It was a cold day in January. I can recall the rich voices of a full concert choir singing at Powell Symphony Hall. The marvelous sound filled the space and captured the audience. Looking back on that moment, it was reminiscent of the voices that led the civil rights movement of the ‘50s and ‘60s.
My family would attend this concert again the following year in honor of Martin Luther King Jr. Day.
Outside of this annual event, I would learn about King and other leaders of the movement in elementary school. I attended a predominantly Black private school that afforded me the opportunity to learn about my history in greater detail. The concept of fighting for civil and basic human rights would be difficult to process as a young child. It was even harder to digest the hate and violence many of those on the frontlines had to endure.
As I reflect on my first encounters with the images and sounds of the civil rights movement, I am grateful that I was exposed to this part of my history. Now, having lived a little life myself, I can truly appreciate the level of commitment to the cause and sacrifice made by civil rights leaders.
Many of the words spoken in King’s 1963 “I Have a Dream” speech have yet to be realized. As many elders would say, we have come a long way, but we certainly have a long way to go in terms of upholding human rights for all people.
It can be overwhelming to think about how we can continue to push the needle forward in our everyday lives. We look at the great leaders and think that they must possess some kind of superpower that we do not have access to. But when I look at my son and his development, I am reminded that it’s the little actions that can create lasting change.
As King’s words live on, there are a few concepts that I hope to pass along to my beautiful Black boy:
Always lead with love.
“I have decided to stick with love. Hate is too great a burden to bear.”- Dr. King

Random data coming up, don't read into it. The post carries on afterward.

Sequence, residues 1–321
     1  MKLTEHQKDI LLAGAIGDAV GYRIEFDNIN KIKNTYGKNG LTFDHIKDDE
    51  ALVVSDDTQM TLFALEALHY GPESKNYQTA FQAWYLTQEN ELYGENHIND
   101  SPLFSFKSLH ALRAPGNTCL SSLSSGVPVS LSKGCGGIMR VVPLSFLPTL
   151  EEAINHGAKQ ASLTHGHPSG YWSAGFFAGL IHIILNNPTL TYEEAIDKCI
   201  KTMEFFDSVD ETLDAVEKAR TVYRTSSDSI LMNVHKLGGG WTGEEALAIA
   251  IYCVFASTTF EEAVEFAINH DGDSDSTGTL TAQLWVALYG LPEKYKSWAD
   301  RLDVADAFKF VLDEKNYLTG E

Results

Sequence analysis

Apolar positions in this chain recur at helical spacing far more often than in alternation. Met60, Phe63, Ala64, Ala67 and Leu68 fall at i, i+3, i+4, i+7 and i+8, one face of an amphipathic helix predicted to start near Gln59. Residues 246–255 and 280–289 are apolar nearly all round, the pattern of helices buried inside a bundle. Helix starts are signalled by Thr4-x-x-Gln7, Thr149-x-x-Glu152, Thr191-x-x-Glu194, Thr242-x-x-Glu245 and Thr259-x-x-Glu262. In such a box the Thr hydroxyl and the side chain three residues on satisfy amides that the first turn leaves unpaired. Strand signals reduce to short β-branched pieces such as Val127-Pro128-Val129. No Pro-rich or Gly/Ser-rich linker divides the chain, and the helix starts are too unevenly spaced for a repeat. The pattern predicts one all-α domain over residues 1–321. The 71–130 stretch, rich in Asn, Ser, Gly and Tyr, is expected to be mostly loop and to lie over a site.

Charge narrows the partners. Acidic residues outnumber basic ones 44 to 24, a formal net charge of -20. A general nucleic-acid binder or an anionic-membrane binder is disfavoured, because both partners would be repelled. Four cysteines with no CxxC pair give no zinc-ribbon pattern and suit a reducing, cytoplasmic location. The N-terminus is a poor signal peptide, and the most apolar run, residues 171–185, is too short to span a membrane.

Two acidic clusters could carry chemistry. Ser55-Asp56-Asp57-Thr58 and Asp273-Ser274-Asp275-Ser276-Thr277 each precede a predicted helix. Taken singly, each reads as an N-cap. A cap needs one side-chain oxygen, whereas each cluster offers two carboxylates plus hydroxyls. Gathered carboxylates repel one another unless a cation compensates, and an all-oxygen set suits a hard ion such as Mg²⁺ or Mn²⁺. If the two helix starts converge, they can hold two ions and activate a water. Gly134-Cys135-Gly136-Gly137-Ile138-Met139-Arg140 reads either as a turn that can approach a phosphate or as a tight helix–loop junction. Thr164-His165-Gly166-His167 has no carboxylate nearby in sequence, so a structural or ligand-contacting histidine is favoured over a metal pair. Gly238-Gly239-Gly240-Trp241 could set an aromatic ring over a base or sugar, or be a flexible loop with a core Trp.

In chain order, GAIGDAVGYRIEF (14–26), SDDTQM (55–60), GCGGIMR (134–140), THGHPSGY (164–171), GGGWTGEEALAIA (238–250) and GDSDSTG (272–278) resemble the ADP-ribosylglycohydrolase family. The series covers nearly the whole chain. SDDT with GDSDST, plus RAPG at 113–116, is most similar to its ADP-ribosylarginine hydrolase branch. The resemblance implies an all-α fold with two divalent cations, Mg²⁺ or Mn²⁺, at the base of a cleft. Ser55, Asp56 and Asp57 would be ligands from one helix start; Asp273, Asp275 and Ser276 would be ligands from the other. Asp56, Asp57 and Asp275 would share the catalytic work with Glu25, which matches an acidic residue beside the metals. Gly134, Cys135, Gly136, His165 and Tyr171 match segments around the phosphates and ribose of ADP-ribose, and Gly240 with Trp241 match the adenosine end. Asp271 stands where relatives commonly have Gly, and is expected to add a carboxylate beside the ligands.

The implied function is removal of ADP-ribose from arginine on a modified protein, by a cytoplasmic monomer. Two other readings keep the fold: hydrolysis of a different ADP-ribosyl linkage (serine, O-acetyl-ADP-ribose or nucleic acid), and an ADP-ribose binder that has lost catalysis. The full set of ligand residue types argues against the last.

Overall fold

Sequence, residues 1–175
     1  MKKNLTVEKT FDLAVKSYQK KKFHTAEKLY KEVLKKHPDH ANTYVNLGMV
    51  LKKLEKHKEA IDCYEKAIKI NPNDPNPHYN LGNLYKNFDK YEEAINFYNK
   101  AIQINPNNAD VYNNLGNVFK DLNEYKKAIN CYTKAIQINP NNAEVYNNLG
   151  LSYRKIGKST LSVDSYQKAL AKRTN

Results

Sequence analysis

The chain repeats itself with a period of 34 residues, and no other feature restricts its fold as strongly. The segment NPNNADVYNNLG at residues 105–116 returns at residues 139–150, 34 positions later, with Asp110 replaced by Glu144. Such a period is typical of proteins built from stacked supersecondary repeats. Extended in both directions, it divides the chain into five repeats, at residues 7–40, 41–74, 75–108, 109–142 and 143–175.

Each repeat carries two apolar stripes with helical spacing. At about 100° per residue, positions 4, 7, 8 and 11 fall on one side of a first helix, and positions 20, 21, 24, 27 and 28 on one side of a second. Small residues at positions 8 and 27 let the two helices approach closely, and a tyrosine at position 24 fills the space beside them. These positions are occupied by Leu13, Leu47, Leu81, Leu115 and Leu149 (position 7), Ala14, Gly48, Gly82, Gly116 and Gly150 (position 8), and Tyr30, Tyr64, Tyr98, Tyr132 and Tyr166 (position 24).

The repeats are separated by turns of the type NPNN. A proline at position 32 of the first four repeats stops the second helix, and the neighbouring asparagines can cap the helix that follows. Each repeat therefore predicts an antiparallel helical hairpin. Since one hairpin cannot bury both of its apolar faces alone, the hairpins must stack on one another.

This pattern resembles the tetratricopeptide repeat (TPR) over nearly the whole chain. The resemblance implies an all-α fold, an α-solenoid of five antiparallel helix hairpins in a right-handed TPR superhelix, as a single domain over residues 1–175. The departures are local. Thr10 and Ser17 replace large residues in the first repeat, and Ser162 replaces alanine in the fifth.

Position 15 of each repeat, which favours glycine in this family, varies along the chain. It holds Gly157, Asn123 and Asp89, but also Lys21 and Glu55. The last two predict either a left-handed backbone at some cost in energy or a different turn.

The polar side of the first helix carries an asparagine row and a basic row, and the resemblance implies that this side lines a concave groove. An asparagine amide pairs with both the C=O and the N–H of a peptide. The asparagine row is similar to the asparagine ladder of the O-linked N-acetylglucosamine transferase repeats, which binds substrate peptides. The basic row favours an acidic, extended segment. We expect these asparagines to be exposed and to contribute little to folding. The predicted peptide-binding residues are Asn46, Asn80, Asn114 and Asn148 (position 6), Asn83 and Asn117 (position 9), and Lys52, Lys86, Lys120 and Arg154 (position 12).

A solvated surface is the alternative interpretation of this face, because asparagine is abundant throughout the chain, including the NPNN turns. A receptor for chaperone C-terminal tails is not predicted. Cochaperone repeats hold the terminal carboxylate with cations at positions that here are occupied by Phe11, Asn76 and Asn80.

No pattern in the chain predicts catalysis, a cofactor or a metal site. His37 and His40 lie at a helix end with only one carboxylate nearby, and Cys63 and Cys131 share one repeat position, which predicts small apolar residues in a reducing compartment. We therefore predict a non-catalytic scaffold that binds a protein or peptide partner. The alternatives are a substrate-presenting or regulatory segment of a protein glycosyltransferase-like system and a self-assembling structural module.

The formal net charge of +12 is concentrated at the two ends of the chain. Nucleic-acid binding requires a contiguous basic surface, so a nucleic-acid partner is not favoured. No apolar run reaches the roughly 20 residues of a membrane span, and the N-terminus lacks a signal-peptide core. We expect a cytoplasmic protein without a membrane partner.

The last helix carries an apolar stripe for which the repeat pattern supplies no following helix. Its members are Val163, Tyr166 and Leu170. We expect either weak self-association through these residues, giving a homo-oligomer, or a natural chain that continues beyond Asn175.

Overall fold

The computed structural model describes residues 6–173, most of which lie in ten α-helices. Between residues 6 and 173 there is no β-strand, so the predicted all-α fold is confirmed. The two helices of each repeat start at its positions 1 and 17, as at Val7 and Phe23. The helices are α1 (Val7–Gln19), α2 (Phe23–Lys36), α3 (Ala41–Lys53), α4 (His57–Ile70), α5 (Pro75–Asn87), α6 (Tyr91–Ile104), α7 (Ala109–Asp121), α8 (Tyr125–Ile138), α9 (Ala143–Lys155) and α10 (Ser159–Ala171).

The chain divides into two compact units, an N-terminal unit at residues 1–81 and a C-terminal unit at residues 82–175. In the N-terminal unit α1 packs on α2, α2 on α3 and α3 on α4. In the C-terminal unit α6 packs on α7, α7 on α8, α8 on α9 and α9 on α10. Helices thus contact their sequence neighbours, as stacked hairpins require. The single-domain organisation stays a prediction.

I work to be gentle with my son, even when correcting him. As parents, we all have moments that cause us to lose our cool. My goal is to admit when I am wrong and to apologize to my son when I could be more understanding and patient.
Focus on the content of your character.
“Intelligence plus character— that is the goal of true education.”- Dr. King
I want my son to value his education, both in and out of the classroom. I will share with him the beauty and pain of his heritage and the history of other ethnicities. Most of all, I will encourage him to move with integrity and do what is right at all times.
Never forget the importance of advocacy.
“Our lives begin to end the day we become silent about things that matter.”- Dr. King
This one can be tricky as it can be a challenge to speak up about simple things, let alone societal issues. However, I plan to teach my son that his voice is as important as anyone else’s and that how he feels matters. That self-advocacy will hopefully give him the courage to speak up, for himself and others, even when I’m not around.
In raising a toddler, it’s my actions, not so much my words, that will help these concepts come alive for my son. I can only hope that my intentions and my actions make a positive impact on my son. Our commitment to keeping the dream of equality alive will positively impact our homes, schools, and generations to come.